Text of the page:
News & Stories abstracts
Dec 6th, 2009

Fire and Ice

(The Paintbrush, January-February 2010)

Text by Jane Strong, photos by Graham Bothwell

You often hear people whining about southern California having no weather, no seasons. I beg to differ. All you have to do is go up the mountains to a higher elevation. There you have winter weather: snow, ice, fog, frost. You have fire season: Santa Ana winds, single digit humidity. You have rainy season: mist, slick roads, rocks tumbling down, debris flows.

Top: Power line not yet restored. Most of the services in the burn areas, including power lines, have already been restored.
Bottom: Along Angeles Crest Highway south of Clear Creek
Top: Snowy slope at higher elevation
Bottom: A powdering of snow along the highway north of Dawson Saddle.

All may result in road closures limiting access to our mountains. The scenic Angeles Crest Highway reopened November 30 afer being closed as a result of the Station Fire which began on August 26, 2009. It had previously been reopened on May 20, 2009, after closure to repair storm damage in the winter of 2004-2005. As of December 6, the whole route has been driveable a grand total of 106 days since 2004.

Graham Bothwell and I were fortunate enough to drive the road in the six-day interval between the opening after the fire and the closing for the predicted storm. Here's what we saw

The burning was erratic. In some areas trees and shrubs are completely burned to the ground leaving denuded slopes. In others the trees are only singed brown along the top or charred black up the trunks. There are islands of unburned forest. Most of the area, though, has barren ash-covered ground with stark black branches. Some shrubs such as bigberry manzanita and laurel sumac, have already started to regenerate. There is a foot or more of new growth even without rain. Small cryptanthas have emerged on the berms. One of our members discovered that California satintail (Imperata brevifolia), a CNPS List 2 rare grass, survived the fire in Big Tujunga Canyon.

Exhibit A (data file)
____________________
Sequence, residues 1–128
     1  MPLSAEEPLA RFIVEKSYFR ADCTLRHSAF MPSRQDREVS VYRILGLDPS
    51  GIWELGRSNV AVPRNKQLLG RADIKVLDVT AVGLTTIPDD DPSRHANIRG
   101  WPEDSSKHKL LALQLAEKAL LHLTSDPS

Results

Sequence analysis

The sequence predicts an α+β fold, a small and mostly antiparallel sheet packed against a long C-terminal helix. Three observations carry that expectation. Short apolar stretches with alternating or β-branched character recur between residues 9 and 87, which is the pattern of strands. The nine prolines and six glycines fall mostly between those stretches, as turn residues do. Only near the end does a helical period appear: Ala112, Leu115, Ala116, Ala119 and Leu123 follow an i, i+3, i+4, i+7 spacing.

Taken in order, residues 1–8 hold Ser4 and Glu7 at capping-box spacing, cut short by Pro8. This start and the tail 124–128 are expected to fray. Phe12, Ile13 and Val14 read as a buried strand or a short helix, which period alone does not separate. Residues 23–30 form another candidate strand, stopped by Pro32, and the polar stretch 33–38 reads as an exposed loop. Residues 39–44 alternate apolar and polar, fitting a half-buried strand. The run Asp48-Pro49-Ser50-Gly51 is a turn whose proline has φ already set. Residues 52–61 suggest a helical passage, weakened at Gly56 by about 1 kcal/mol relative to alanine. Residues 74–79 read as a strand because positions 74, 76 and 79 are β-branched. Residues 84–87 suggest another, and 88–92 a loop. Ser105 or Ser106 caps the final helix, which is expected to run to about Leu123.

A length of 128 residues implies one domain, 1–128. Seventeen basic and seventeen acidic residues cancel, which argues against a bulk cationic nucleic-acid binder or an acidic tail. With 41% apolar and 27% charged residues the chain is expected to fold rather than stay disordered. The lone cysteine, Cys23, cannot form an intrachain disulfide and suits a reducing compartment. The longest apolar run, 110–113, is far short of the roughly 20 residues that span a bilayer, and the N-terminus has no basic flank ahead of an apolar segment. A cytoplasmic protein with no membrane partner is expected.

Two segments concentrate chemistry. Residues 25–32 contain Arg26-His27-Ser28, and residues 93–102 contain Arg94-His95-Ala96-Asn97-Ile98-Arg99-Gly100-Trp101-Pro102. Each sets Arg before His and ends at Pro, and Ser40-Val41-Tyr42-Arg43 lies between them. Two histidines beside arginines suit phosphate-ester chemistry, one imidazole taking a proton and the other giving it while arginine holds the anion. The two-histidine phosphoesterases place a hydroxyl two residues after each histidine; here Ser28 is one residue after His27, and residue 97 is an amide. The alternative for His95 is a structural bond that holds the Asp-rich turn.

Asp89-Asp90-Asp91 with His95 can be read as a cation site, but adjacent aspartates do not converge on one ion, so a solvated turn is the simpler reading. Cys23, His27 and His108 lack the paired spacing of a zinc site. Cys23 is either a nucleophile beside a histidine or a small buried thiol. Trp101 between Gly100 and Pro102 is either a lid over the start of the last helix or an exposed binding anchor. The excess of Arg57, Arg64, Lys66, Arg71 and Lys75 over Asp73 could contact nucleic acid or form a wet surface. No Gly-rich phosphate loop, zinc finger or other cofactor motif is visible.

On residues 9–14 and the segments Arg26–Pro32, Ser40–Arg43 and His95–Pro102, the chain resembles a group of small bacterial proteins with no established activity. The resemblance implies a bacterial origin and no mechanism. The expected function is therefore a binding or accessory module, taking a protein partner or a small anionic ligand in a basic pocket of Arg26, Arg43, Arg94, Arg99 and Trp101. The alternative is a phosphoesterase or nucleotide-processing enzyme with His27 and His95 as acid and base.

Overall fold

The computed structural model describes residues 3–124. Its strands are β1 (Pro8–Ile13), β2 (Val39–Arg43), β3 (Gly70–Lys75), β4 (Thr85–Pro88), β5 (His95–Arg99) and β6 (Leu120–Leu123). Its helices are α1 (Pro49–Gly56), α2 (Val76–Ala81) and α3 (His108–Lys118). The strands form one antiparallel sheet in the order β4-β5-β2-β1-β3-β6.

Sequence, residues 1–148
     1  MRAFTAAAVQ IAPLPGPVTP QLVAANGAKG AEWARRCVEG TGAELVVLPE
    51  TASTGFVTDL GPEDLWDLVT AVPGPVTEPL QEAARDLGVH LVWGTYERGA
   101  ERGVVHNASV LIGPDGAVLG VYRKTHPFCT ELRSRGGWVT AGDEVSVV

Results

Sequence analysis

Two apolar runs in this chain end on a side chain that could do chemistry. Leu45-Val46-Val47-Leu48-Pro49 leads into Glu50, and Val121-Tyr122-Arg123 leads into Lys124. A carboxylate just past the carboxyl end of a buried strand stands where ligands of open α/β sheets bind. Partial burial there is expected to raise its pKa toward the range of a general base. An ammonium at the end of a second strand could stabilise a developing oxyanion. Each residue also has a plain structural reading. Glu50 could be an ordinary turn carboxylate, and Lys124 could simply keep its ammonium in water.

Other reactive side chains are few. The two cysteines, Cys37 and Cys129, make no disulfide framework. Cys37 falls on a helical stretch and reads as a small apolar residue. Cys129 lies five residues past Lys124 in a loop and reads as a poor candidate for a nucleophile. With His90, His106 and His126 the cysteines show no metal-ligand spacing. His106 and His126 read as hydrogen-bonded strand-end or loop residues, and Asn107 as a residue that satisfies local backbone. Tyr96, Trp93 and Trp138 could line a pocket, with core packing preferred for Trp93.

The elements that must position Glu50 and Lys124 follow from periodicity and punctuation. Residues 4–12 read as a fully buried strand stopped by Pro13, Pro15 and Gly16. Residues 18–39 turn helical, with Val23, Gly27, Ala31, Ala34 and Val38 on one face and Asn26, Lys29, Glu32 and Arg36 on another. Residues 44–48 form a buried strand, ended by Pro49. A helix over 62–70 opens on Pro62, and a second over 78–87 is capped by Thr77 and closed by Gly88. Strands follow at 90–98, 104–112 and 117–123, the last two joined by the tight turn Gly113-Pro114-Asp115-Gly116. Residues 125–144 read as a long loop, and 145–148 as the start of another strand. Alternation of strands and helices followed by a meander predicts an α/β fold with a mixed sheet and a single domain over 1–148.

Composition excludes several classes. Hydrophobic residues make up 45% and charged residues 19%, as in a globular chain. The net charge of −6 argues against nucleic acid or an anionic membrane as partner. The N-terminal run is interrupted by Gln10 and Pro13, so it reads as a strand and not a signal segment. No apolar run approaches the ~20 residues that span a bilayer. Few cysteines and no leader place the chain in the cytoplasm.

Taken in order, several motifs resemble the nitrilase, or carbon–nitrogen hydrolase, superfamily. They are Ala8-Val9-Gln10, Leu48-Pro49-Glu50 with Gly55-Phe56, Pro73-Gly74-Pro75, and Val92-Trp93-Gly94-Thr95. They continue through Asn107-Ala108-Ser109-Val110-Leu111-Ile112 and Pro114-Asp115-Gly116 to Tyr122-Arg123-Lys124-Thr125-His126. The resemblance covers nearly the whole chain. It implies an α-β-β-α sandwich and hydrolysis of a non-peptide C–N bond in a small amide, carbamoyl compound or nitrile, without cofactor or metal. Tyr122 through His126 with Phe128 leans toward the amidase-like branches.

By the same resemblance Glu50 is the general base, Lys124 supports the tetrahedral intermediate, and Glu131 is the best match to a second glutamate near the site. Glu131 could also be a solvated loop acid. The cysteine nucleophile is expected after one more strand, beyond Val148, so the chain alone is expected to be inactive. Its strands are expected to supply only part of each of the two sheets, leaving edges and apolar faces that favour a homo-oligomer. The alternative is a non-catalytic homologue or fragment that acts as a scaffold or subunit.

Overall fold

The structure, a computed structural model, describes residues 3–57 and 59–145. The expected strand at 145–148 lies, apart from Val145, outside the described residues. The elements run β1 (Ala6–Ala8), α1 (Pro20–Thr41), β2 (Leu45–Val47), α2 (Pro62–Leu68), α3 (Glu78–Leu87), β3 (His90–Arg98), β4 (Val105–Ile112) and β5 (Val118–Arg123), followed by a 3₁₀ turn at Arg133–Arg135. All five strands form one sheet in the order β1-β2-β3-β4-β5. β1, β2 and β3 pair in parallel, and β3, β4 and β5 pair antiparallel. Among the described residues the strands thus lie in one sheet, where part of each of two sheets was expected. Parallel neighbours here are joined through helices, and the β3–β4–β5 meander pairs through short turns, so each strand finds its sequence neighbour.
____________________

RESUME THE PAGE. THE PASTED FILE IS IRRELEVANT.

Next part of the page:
At work between La Canada and Chilao were the utility companies, AT&T and Edison, putting in new poles and stringing up new lines; contractors cleaning debris basins, putting in new drains (those round, wide-diameter, upright aluminum pipes), building guard rails, installing new signage, several different companies removing burned trees, many dump trucks hauling debris to elsewhere; and the administering agencies, LA County Fire, ANF Fire, CalTrans, and LA Co Public Works (roads), inspecting burns, drains, edges of roads.

The hillslopes are full of debris potentially ready to go, cones of gravel eager to follow the slope pulled by gravity, eased by rain. There is nothing to hold it back.

The high country did not burn and the most beautiful areas to me, Chilao and Buckhorn, are as fine as ever. Except that on the day we were were there, there was fresh powdery snow. This changed how everything looked, especially the rocks and the springs. There was no green and it was hard to recognize Lily, Cortelyou and Winston Springs. They were white, like the frosted rocks on the surrounding slopes, like the icing on a multi-layered cake. It was outstandingly beautiful.

Further explore the fire and ice along the Angeles Crest Highway at this URL below:

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